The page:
If you’re going to make a range of products celebrating the natural world, it follows that you should be concerned with preserving it. Magpie’s approach to their work indicates that they are driven by exactly this concern. “Our love of nature extends to our methods of manufacture,” they explain. “Everything we make is suitable for Vegans, our products are all cruelty free without compromising on their design.” If you share their concern for keeping your gifts cruelty free, then this range might be just the ticket.
Magpie’s logo consists of a duo of the black-and-white birds – presumably in order to avoid being ‘one for sorrow’. Wherever it might have come from, the joy in their work is much in evidence.
Amanda Coleman’s work could not be more removed from that which we’ve thus far touched upon. She fashions intricate and unique jewellery from gold, silver and precious stones. She was submerged in the arts from a young age; her parents were potters and painters. She had her first foray into the world of business at a relatively tender age, too; her first venture commenced when she was only thirteen years old. She would make buttons and beads from clay and sell them to shops in Derby and Nottingham. From there she pursued an education in art and design, finally graduating from the Royal College of Art in 1998 and establishing a workshop in London.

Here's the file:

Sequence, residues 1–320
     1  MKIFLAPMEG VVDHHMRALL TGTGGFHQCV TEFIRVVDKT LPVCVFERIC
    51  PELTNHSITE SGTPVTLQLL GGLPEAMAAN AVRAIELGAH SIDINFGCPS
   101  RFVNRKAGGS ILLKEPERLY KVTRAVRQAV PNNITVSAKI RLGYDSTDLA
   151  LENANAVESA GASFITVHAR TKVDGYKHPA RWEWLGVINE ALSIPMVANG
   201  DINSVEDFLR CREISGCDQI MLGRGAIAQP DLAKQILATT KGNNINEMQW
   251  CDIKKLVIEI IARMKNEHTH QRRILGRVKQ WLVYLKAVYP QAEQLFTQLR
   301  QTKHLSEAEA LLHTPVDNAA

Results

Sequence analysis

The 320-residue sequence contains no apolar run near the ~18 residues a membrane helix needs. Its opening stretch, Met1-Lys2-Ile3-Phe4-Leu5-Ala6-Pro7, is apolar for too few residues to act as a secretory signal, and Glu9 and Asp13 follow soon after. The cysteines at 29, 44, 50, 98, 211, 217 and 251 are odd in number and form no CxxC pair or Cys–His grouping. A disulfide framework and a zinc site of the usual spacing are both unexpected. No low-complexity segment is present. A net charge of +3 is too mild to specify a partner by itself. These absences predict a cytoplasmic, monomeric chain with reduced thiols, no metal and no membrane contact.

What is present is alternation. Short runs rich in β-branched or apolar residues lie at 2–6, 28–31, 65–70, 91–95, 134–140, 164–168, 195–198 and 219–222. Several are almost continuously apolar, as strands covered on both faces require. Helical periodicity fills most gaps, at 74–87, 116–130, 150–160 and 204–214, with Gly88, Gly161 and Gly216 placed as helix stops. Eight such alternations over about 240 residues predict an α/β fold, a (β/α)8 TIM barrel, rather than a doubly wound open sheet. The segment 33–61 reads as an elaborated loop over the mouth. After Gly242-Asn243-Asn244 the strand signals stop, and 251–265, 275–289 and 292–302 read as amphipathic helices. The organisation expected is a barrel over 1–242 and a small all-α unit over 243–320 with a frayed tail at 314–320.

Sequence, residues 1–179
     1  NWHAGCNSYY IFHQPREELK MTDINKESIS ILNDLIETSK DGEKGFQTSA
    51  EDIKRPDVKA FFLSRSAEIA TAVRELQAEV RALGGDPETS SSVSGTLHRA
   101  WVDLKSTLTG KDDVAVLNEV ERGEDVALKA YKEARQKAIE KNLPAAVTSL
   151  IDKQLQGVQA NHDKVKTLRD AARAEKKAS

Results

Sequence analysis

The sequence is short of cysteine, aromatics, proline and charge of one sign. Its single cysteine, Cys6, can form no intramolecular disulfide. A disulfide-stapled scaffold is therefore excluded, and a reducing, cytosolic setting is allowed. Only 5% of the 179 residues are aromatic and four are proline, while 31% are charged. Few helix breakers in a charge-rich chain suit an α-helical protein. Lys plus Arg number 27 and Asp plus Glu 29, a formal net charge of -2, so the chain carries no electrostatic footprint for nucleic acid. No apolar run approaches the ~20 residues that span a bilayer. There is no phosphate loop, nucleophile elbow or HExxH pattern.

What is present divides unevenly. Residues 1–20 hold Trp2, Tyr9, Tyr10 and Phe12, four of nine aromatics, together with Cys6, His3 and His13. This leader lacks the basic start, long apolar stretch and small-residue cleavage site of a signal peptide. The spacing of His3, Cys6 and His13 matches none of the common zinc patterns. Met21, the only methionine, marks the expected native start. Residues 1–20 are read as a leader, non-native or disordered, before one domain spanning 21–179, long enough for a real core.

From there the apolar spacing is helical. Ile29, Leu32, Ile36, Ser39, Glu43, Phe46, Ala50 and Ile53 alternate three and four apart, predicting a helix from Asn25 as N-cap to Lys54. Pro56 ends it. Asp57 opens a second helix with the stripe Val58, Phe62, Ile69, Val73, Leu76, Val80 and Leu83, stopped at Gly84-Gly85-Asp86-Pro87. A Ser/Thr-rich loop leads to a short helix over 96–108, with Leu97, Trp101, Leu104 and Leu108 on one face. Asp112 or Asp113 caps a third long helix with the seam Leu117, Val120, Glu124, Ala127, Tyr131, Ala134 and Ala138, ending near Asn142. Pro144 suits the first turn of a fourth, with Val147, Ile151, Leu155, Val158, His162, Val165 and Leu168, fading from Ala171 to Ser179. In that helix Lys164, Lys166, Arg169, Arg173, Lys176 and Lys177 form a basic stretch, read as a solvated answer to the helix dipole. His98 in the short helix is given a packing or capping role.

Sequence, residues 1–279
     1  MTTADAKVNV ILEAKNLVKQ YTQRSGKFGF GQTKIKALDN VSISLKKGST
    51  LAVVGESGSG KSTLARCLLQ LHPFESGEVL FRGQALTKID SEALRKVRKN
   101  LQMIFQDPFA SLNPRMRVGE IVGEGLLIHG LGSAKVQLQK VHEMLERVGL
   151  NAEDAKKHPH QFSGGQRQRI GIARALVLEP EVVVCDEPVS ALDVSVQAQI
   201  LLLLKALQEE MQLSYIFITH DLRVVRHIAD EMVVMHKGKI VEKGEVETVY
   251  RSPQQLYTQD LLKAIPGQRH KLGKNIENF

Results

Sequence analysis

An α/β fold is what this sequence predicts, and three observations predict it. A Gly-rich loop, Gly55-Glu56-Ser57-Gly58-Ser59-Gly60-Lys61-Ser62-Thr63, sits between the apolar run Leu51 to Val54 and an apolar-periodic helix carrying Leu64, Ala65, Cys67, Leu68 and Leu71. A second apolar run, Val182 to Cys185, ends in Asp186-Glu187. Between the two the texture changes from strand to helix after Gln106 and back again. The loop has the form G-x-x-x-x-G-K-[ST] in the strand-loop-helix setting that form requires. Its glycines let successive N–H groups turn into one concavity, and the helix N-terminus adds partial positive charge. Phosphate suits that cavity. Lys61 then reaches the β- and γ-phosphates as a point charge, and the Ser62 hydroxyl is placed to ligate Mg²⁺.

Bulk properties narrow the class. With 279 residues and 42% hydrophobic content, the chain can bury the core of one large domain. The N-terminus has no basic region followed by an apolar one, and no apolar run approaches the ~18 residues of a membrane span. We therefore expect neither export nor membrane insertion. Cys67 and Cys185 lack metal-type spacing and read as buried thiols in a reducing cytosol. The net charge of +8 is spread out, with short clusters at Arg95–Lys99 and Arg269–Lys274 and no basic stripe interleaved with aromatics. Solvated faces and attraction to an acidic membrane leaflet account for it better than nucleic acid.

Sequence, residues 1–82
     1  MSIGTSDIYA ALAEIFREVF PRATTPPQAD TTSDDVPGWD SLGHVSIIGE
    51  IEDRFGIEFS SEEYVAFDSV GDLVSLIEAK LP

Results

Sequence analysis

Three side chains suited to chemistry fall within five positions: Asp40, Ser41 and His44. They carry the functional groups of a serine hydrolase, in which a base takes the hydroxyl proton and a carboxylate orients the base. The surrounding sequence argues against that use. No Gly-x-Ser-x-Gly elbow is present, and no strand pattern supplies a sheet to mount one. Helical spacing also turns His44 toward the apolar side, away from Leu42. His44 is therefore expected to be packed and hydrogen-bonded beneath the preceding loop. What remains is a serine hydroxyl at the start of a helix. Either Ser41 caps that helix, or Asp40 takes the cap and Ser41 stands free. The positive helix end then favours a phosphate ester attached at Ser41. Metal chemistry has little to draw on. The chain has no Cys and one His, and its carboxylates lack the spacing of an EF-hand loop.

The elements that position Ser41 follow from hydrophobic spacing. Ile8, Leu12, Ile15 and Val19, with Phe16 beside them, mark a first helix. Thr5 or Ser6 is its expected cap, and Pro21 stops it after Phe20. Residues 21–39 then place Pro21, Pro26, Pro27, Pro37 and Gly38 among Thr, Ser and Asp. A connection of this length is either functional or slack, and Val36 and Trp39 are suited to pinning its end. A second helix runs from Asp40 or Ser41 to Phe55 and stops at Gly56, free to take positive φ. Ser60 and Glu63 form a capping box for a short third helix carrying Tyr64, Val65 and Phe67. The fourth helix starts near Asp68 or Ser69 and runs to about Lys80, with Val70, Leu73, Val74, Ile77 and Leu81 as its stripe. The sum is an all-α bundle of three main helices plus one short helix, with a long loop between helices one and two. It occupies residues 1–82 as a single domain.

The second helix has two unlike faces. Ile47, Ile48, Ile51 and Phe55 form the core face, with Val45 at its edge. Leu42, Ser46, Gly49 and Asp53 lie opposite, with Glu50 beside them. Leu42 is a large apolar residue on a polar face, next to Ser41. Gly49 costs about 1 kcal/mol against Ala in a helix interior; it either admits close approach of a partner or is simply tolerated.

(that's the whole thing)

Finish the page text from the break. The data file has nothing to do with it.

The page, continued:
Amanda’s work is influenced greatly by the natural world and features a slew of birds, stags and flowers, all made beautifully from precious metals. She has two children, who have both in their own way influenced her outlook on her work. Becoming a mother, Amanda explains, has helped to give her a fresh perspective on design. “Seeing the world through the eyes of my children has ignited an interest in fairy tales, mystery and magic and developed a fascination of bugs and flowers that might have previously gone unnoticed, all of which have found their way into my designs over the recent years.”
Perkins and Morley